Andy on the block. Are Andrea Bargnani's days in Toronto (finally) numbered? Six years removed from being taken first overall by Bryan Colangelo and company back in 2006, the 7-foot Italian is once again on the shelf (bruised knee) and our friends at Raptors HQ are among the many Toronto fans looking to sell:
Raptor update. Don't be thrown off by the Raps' place in the standings. Since starting 4-19, the Raptors have won 10 of 13 games while averaging 110 pts/100 possessions and allowing just 100 pts/100, though it's probably worth noting that only two of those teams were over .500 (Portland and Houston) and their schedule has been decidedly home-heavy of late. Either way they're playing better ball than the Bucks right now, and it's mainly because of their depth. Jose Calderon might be overpaid, but he's also been efficient enough (18.9 PER, 57.8% true shooting) to keep Kyle Lowry coming off the bench--which is damn impressive when you consider Lowry is putting up the best numbers of his career. Acquired from Houston back in June, Lowry is playing 29 mpg and putting up career-highs in PER (21.4), true shooting (57.8%) and WS/48, giving the Raptors the best one-two punch of point guards this side of Chris Paul and Eric Bledsoe.
The Raptors come into the game off back-to-back home blowouts over the Sixers and Bobcats, the latter featuring major contributions from rookie Quincy Acy and another highlight reel dunk from lottery pick Terrence Ross. Up front, Amir Johnson and Ed Davis have deputized quite nicely for Bargnani and space-eating (in a good way) rookie Jonas Valanciunas (broken finger on December 27, out 4-6 weeks), though the injuries leave Toronto with only one traditional big man (Aaron Gray) off the bench.
The Bucks are...the Bucks. At this point it seems like the Bucks only play well in order to make stinkers like Friday night's home loss to the Pistons that much more agonizing. The Bucks led by eight at halftime before suffering another third quarter meltdown, with Greg Monroe and the Pistons dominating Milwaukee's front line in a 33-11 . After the game Jim Boylan suggested the Bucks may have had heavy legs from playing three games in four nights, but it's tough to accept that as much of an excuse given the day off they had Thursday. Then again, it's nothing we haven't seen before. The Bucks haven't shown much backbone defending their homecourt all season, all the while showing a worrying tendency to play up or down to their competition.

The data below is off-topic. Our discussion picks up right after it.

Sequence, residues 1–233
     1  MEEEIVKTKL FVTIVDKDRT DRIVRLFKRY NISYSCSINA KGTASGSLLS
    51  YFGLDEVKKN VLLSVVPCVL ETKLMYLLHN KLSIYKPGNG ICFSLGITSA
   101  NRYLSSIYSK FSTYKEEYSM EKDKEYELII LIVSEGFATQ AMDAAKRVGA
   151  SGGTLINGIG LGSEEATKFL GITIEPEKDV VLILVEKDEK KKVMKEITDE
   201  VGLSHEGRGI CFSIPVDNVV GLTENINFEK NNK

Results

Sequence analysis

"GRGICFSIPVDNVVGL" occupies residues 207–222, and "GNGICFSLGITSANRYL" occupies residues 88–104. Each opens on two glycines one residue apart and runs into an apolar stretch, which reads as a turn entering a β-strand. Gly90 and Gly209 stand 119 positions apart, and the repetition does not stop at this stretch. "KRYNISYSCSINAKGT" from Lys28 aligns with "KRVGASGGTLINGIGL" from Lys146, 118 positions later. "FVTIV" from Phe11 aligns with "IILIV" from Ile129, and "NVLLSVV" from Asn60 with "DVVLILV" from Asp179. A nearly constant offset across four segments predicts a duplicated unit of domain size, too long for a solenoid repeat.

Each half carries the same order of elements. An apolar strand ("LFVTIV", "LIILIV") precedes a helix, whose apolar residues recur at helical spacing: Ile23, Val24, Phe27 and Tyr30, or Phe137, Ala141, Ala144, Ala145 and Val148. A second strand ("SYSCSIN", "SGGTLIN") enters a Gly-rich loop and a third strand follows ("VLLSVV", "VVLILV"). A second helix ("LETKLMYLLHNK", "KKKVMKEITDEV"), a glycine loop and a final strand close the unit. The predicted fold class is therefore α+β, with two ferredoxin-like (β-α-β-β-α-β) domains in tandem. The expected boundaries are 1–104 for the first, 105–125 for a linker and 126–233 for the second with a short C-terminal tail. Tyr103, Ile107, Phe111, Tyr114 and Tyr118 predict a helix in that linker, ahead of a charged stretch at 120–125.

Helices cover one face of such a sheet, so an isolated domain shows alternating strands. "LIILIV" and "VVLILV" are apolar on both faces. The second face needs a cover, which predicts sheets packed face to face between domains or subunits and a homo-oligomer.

That doesn't mean they're looking forward to a four-game road trip of course. The Bucks face Toronto before heading West for games against the Lakers, Suns and Blazers, marking Milwaukee's first Western trip of the season. The bad news is that the Bucks normally don't fare so well on the left coast; the good news is that only one of those teams is currently in the playoff picture--the 7th seeded Blazers.
Lamb to the D-League. Rookie Doron Lamb is about to be getting a big bump in minutes--it just won't be in the NBA. The Bucks assigned Lamb to the D-League's Fort Wayne Mad Ants on Saturday, and he should see his first action on Wednesday. The John Hammond-era Bucks have been notoriously loathe to make use of the D-League, generally preferring to keep youngsters practicing with the big club rather than getting them regular minutes in Fort Wayne. You could certainly argue that guys like Tobias Harris and Lamb would be better served at times getting real minutes rather than just sitting on the bench, and at least Lamb will get a chance to do just that. Larry Sanders is the only current Buck to have seen any burn in Fort Wayne, and even that was only for a couple games two years ago.